Harvard President, Charles William Eliot, spoke of the library’s needs at the turn of the 20th Century, proposing “not a crematorium for dead books, but only a receiving tomb.” Receiving tombs were holding places for bodies that couldn’t be buried in the frozen winter ground and so an apt analogy for those books that a library was not quite ready to retire permanently from the collection. With its single-module beginnings in 1986, the Harvard Depository was a module of narrow-aisled, space-saving, climate-controlled efficiency that was designed with the dark archive in mind—a place principally focused on preservation rather than convenient access.
But in time, it would emerge that with the many spokes of Harvard’s library network, having an offsite hub to aid in dissemination and circulation materials was something desired by the University. With electronic requests and van-based courier service, the Depository grew into something more. It grew into a place just as likely to hold Battlestar Galactica DVDs and Playboy Anthologies as it was to hold Harvard Police archives, Julia Child cookbooks, and 35mm film prints. While much of the collection retains the spirit of non-circulation, the small percentage that does circulate still amounts to a sizable 250,000 items each year.
From one module, the Depository grew to 7. Eight if you count module B. And with the latter modules 5-7 being larger than their earlier counterparts, it would seem that even these numbers do not do the expansion justice. With each module more trees cleared away from the Southborough campus’ landscape and more processed trees with ink laden on compressed pulp found its way to its chilly interiors. These interiors also maintained by visible expressions of scale, with massive air ducts, fans, and other churning mechanisms filtering the air from pollutants and regulating both humidity and temperature along cycles adaptive to the exterior environment.
Cold Storage, in delving into the story of the Depository and what it says about the bigger picture of expanding human knowledge, found its storage mirroring its subject. One hard drive module grew to two. Manners of codifying materials became increasingly necessary to be able to call what was needed for the execution of the film. And it would now seem that in backing up the repositories of production to datatape, the Harvard Depository might become the receiving tomb for their storage as well.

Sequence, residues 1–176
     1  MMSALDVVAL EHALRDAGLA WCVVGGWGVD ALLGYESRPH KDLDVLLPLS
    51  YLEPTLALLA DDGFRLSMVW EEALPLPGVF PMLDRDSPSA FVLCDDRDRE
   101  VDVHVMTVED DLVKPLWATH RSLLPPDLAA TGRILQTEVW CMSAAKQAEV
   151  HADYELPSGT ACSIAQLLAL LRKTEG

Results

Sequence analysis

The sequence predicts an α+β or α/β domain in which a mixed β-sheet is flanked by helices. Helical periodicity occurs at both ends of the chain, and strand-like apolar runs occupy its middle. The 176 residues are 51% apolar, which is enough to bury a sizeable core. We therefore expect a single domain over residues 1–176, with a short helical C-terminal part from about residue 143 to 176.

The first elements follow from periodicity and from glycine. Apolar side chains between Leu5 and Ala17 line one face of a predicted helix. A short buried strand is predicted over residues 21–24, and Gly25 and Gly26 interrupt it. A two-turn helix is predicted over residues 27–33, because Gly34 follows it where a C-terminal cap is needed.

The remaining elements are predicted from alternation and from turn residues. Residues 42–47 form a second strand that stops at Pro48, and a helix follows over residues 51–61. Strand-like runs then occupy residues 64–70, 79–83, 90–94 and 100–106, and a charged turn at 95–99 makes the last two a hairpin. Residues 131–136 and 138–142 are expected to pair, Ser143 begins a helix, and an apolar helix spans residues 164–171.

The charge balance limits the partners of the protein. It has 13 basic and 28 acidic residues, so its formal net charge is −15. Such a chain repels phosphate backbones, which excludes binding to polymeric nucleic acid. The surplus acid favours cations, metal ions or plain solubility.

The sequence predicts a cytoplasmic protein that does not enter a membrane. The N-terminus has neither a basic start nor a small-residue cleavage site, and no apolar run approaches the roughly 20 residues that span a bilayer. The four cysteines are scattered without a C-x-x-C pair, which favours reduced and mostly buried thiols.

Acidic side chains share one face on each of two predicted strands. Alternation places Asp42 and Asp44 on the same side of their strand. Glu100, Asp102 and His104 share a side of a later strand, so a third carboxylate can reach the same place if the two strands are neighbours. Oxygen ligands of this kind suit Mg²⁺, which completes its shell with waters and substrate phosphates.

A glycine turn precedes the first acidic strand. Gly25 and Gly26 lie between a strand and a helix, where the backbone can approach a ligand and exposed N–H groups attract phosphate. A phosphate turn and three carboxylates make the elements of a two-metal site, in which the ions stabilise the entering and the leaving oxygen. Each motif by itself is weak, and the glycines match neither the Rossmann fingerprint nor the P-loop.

The digital is not the end point for the challenges of decay, as hard drives too feel the slow march of time. And digitization across collections still butts up against a number of challenges. There are challenges of scale when different items need different handling and manners of imaging. There are challenges of copyright—where despite no active rights holders coming forward, a number of so-called “orphan works” remain off limits. Changes to copyright law has made created an opt-out environment that defaults items to protection and over longer terms than ever before. Then there is the artifactual value—books with sheep-skin bindings, palimpsests with traces of previously written works, and the notes from past readers complete with makeshift bookmarks that signal clues to their lives in aggregate to the author’s own ponderings.
Today culminates a journey in storytelling using drones for aerial footage, with dollies to track long expanses, and with GoPros to get to perilously high, on the move, or hard-to-reach places. It brings together discussions we’ve had about libraries of the past, made most manifest in reference to Alain Resnais’ Toute la mémoire du monde, with what challenges for the future of libraries look like in their ever-evolving role as network, database, and civic space. Following on the release of the film, we will be making available a website to explore the many artifacts we came across, from the repositories of our own production material to documents dug up in the corners of the Harvard Archives by hardworking summer interns. And in this, we will explore notions of the database as documentary, the curatorial attentions of the visitor, and the blurred lines that coexisting media forms from multiple creators create in conversations about genre and authorship.
Please check out my 24-minute documentary above, and tune in for soon for the ever-expanding and developing web documentary at coldstoragedoc.com.
This post was originally written over at metaLAB.